- Business and Employment»
- History of Business
Northland Mall: Crumbling History of A Rose Blooming Through Concrete
The First Enclosed Mall
History of the Nation's First Enclosed Mall
NOTICE: This is an article I composed a few years ago for a local content assignment - which is no longer available since the hosting site shut down last year; I chose to share it on my hub page because it is local [Detroit, MI] history, and should be shared for educational purposes (not limited to). Please enjoy:
In an effort to generate suburban business for Detroit-based retail store J.L. Hudson’s, Northland mall was built in 1954. Labeled as a "New Shopping Paradise" by The Detroit News, Northland Mall started as a ring of retail outlets, circling the 4-story J.L. Hudson’s department store located on the outskirts of metro Detroit.
Besides Hudson's, Northland opened with a number of other prestigious local retailers including Hughes & Hatcher, Himelhoch's, Winkelman's, Kresge's, Robinson Furniture, Better Made Potato Chips and Sanders in the 2-million-square-foot, open-air center, on nearly 60-acres of land.
It wasn’t until the 1970s, Northland was enclosed, and other retail stores were added. The mall housed more than sixty stores when it first opened.
By the start of the 1980s, Northland’s walls housed not only shopping outlets and stores, but an infirmary, drugstore, and cinema within its lavish property. Northland had been the first largest mall in America; it was the very first mall built in Michigan.
A Rose Blooming Through Concrete
Nearly sixty years of survival was gradually taking its toll on the historic shopping center; the parking lot itself, is a definite sign of deterioration. Cracks and potholes throughout Northland’s parking lot is the first sight shoppers see, and is often a deterrence. The once flourished large department store chains have either left the shopping center, or have diminished their businesses altogether. Leaving little opportunities for shoppers in search of those particular stores.
Over the years, Northland was hit by economy pressures and company crossovers, but never yielded to fail. Steadily blooming in a concrete society where once over 10 million shoppers spent most of their time, Northland’s mere 5 million shoppers are keeping the dream alive, according to 2004 reports by Larry Ruppert, Northland's general manager. Only anchored by two major outlets (Macy‘s and Target), Northland was continuously adding new smaller shops and boutiques for its shoppers.
Although the image of Northland Mall has declined, and the number of large retail outlets were slowly disappearing, residents are still spending time at the shopping center. For some visitors, the mall is more than a place to shop. Residents can be seen at the mall power-walking, having lunch and enjoying a cool stroll during hot, summer days.
Northland, once the largest shopping experience for a nation for nearly 60 years, may have been just a blur to the memories of many, but to Detroit residents and surrounding areas, Northland was still a "Rose Blooming Through Concrete".
A National Gem
At the time I composed this article in 2013, Northland Mall was steadily struggling to stand tall amidst the economy and crime that was hindering its stability.
Store occupants were creating more and more vacancies in the building, causing a domino-like effect on the crumbling of Northland's history... the struggle was being lost.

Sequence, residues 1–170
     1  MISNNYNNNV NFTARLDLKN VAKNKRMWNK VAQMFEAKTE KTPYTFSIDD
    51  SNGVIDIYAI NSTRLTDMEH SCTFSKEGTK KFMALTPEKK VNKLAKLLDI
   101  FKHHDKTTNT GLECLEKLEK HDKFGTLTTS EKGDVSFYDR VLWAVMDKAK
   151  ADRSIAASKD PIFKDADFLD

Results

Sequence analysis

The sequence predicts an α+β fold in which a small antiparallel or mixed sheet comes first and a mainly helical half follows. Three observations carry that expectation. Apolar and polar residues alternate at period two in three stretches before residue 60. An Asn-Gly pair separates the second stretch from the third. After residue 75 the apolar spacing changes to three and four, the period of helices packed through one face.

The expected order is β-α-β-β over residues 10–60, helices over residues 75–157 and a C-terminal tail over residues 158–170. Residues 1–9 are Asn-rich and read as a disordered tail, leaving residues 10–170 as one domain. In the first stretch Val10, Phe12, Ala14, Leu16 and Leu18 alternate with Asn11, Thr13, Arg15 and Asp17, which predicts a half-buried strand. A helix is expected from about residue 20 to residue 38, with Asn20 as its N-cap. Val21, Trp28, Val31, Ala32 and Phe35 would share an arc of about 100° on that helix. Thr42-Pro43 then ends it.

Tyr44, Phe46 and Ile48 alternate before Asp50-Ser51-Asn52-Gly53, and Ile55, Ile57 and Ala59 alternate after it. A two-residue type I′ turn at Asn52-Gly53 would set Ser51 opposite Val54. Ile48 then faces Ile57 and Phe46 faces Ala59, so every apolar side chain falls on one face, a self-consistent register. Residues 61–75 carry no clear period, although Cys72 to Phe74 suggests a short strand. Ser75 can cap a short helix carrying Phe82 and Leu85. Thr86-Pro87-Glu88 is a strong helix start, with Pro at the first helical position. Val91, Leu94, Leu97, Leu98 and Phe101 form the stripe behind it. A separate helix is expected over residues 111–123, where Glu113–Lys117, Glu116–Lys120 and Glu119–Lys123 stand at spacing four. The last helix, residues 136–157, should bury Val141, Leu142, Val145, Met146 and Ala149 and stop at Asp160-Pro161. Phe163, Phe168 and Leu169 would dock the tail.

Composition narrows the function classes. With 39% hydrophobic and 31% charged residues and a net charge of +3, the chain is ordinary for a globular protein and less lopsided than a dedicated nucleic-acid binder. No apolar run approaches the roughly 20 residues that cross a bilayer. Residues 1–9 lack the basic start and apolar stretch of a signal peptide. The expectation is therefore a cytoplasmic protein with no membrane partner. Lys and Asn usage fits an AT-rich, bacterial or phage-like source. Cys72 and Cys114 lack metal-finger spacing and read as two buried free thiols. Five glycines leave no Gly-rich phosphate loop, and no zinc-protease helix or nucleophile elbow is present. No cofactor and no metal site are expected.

The Crumbling Of History
Almost at the doorstep to its 60th birthday, Northland Mall found the concrete crumbling from an approved plan by an Oakland County Circuit Judge. It was official - the mall would shut its doors in the upcoming Spring.
The first of the major stores to leave would be Target, with Macy's following immediately.
As the buzz took over the internet, and between the residents of Detroit and surrounding areas, Northland shoppers voiced what they'd miss about the first mall to be built in the U.S. Many mentioned to reporters, and posted photos of the infamous "Boy and Bear" statue that could be seen in the middle of a corridor of the mall. Others would reminisce of their first time shopping at the mall, and the long list of recent stores that once occupied the busy shopping place.
I, myself have several fond memories of Northland Mall; one being the time I spent in the mall looking for after school jobs; shopping for my prom accessories; and even spending my first check from Burger King at Hudson's department store. The list of memories could go on for a longtime, but who wants to cry, right?
Are You A Shop-a-holic?view quiz statistics
What's Next For Northland Mall?
According to a Detroit Free Press report, "...[that] there are potential buyers of the property, including some that might keep Northland open as an enclosed mall. He did not name the interested parties, although court filings identify the City of Southfield as one interested potential suitor..."
The report sounds better than the reality, I'm sure. According to records, Northland Mall was losing millions of dollars yearly - with no sign of regaining profits.
From my point of view, the entire plot of land will need a miracle to rebuild and start to flourish: crumbling parking lots, mass exposure to crime, and a need for more tenants. This cannot and will not happen overnight, maybe even over a year's span of time. There will be a lot of footwork and money to invest bringing the historical mall back to life.
It seems like a harsh reality, but the city officials have hope, and reports have shown the optimism, "... officials are 'optimistic that this important section of Southfield will be revitalized by new development or redevelopment efforts in the near future.'"